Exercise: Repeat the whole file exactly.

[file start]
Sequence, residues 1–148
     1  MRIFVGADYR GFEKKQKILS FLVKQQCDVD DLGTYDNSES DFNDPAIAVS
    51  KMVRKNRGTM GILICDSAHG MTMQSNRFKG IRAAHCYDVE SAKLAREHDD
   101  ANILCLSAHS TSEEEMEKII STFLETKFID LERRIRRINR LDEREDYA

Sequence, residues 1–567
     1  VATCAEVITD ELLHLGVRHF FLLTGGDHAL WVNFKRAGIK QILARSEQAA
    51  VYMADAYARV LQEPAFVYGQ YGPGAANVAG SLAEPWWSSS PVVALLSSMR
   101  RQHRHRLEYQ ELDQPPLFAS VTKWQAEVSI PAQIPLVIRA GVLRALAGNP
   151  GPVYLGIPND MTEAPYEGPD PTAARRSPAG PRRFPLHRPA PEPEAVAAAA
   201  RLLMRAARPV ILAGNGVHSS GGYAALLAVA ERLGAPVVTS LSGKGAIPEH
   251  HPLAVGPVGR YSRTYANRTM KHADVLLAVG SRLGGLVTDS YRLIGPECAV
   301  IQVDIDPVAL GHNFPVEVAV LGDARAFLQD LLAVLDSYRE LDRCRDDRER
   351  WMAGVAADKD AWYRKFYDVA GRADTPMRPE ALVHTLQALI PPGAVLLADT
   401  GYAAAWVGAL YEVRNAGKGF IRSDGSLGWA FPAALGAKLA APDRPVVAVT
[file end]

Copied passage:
Sequence, residues 1–148
     1  MRIFVGADYR GFEKKQKILS FLVKQQCDVD DLGTYDNSES DFNDPAIAVS
    51  KMVRKNRGTM GILICDSAHG MTMQSNRFKG IRAAHCYDVE SAKLAREHDD
   101  ANILCLSAHS TSEEEMEKII STFLETKFID LERRIRRINR LDEREDYA

Sequence, residues 1–567
     1  VATCAEVITD ELLHLGVRHF FLLTGGDHAL WVNFKRAGIK QILARSEQAA
    51  VYMADAYARV LQEPAFVYGQ YGPGAANVAG SLAEPWWSSS PVVALLSSMR
   101  RQHRHRLEYQ ELDQPPLFAS VTKWQAEVSI PAQIPLVIRA GVLRALAGNP
   151  GPVYLGIPND MTEAPYEGPD PTAARRSPAG PRRFPLHRPA PEPEAVAAAA
   201  RLLMRAARPV ILAGNGVHSS GGYAALLAVA ERLGAPVVTS LSGKGAIPEH
   251  HPLAVGPVGR YSRTYANRTM KHADVLLAVG SRLGGLVTDS YRLIGPECAV
   301  IQVDIDPVAL GHNFPVEVAV LGDARAFLQD LLAVLDSYRE LDRCRDDRER
   351  WMAGVAADKD AWYRKFYDVA GRADTPMRPE ALVHTLQALI PPGAVLLADT
   401  GYAAAWVGAL YEVRNAGKGF IRSDGSLGWA FPAALGAKLA APDRPVVAVT